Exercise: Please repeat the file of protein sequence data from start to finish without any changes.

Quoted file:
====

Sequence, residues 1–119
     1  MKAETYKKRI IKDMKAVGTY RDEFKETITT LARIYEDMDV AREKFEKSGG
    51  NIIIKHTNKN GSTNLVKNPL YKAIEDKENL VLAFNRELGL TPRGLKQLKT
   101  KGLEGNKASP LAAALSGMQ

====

Sequence, residues 1–119
     1  MKAETYKKRI IKDMKAVGTY RDEFKETITT LARIYEDMDV AREKFEKSGG
    51  NIIIKHTNKN GSTNLVKNPL YKAIEDKENL VLAFNRELGL TPRGLKQLKT
   101  KGLEGNKASP LAAALSGMQ